The extraordinary true story of the rediscovery of the Mayan civilization: In the tradition of The Lost City of Z and Empire of Ice, comes the forgotten tale of 19th century American John Lloyd Stephens’s quest to uncover and understand the ancient world’s most advanced civilization amid the jungles of Central America. Imagine The Lost City of Z, except the fabled lost jungle civilization really was found—an “Egypt in the Americas” in which 1,500-year-old pyramids and temples were hidden in impenetrable tropical forests, along with evidence of astonishingly sophisticated art, writing, science, and culture. In 1839, when John Lloyd Stephens, a dashing U.S. special ambassador to Central America, and Frederick Catherwood, an acclaimed British architect and draftsman, set out into the unexplored jungles of the Yucatan, Charles Darwin was aboard the H.M.S. Beagle, the Bible was the basic template of history, and most people believed the world was less than 6,000 years old. Deep in the jungles, they stumbled upon the wondrous ruins of the Mayan civilization—an astonishing find that would change western understanding of human history. In Jungle of Stone, William Carlsen uncovers the rich history of the ruins as he follows Stephens and Catherwood’s journey through present day Guatemala, Honduras, and Mexico. Drawing upon Stephens’s journals and Cather’s magnificent illustrations—which became the bestselling book Incidents of Travel in Yucatan—Carlsen artfully tells the enthralling story of two great voyagers and the world they discovered.
|Author||: John Lloyd Stephens|
|Author||: Diane Wright Landolf|
|Editor||: Random House Books for Young Readers|
Mother and Fatherwolf aren’t looking for trouble, but when a small man-child toddles by their cave, they decide they can’t leave him alone in the jungle. They take the boy into their pack, name him Mowgli, and raise him as one of their own cubs. Mowgli learns the law of the jungle from the big old brown bear Baloo and Bagheera the black panther, but even they can’t keep an eye on him all the time!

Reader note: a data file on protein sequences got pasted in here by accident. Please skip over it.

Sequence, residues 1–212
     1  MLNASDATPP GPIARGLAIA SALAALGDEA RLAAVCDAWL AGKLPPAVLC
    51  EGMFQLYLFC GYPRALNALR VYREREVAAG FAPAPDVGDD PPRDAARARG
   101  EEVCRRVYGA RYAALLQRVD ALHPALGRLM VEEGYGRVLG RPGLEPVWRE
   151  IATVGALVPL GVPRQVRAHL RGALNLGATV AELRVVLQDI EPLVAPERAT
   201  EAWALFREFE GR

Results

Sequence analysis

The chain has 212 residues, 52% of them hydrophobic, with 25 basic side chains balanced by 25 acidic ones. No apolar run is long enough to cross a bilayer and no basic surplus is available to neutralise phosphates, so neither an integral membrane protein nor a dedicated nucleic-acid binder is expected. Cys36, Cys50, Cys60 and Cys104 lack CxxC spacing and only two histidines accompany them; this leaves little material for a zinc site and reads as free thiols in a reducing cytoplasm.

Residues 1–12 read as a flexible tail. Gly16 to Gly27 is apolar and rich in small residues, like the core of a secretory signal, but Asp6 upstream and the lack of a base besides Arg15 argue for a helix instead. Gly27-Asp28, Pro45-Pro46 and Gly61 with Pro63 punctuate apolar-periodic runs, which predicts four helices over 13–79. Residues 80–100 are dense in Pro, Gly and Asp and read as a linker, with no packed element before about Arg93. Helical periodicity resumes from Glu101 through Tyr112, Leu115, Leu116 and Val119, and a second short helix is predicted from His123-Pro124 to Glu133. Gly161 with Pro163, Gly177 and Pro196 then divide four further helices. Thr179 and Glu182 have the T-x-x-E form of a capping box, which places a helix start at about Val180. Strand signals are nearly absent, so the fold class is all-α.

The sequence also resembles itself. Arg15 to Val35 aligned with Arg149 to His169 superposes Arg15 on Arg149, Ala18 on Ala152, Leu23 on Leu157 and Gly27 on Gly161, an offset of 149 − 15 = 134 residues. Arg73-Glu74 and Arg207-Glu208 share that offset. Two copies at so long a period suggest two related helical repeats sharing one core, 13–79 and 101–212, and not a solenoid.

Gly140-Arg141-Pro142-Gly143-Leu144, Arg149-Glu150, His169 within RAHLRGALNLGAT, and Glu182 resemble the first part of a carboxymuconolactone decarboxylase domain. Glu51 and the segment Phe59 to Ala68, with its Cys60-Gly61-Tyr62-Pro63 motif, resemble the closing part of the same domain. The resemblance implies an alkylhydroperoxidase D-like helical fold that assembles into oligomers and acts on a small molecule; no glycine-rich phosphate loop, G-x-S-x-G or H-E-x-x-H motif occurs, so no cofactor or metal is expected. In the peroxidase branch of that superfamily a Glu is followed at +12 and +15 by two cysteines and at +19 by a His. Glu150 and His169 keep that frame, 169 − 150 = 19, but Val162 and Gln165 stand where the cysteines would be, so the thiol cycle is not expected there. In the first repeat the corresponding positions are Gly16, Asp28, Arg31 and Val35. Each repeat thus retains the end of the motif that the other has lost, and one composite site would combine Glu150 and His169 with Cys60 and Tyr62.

|Author||: Douglas Preston|
|Editor||: Grand Central Publishing|
NAMED A NEW YORK TIMES NOTABLE BOOK OF 2017#1 New York Times and #1 Wall Street Journal bestseller! A five-hundred-year-old legend. An ancient curse. A stunning medical mystery. And a pioneering journey into the unknown heart of the world's densest jungle. Since the days of conquistador Hernán Cortés, rumors have circulated about a lost city of immense wealth hidden somewhere in the Honduran interior, called the White City or the Lost City of the Monkey God. Indigenous tribes speak of ancestors who fled there to escape the Spanish invaders, and they warn that anyone who enters this sacred city will fall ill and die. In 1940, swashbuckling journalist Theodore Morde returned from the rainforest with hundreds of artifacts and an electrifying story of having found the Lost City of the Monkey God-but then committed suicide without revealing its location. Three quarters of a century later, bestselling author Doug Preston joined a team of scientists on a groundbreaking new quest. In 2012 he climbed aboard a rickety, single-engine plane carrying the machine that would change everything: lidar, a highly advanced, classified technology that could map the terrain under the densest rainforest canopy. In an unexplored valley ringed by steep mountains, that flight revealed the unmistakable image of a sprawling metropolis, tantalizing evidence of not just an undiscovered city but an enigmatic, lost civilization. Venturing into this raw, treacherous, but breathtakingly beautiful wilderness to confirm the discovery, Preston and the team battled torrential rains, quickmud, disease-carrying insects, jaguars, and deadly snakes. But it wasn't until they returned that tragedy struck: Preston and others found they had contracted in the ruins a horrifying, sometimes lethal-and incurable-disease. Suspenseful and shocking, filled with colorful history, hair-raising adventure, and dramatic twists of fortune, THE LOST CITY OF THE MONKEY GOD is the absolutely true, eyewitness account of one of the great discoveries of the twenty-first century.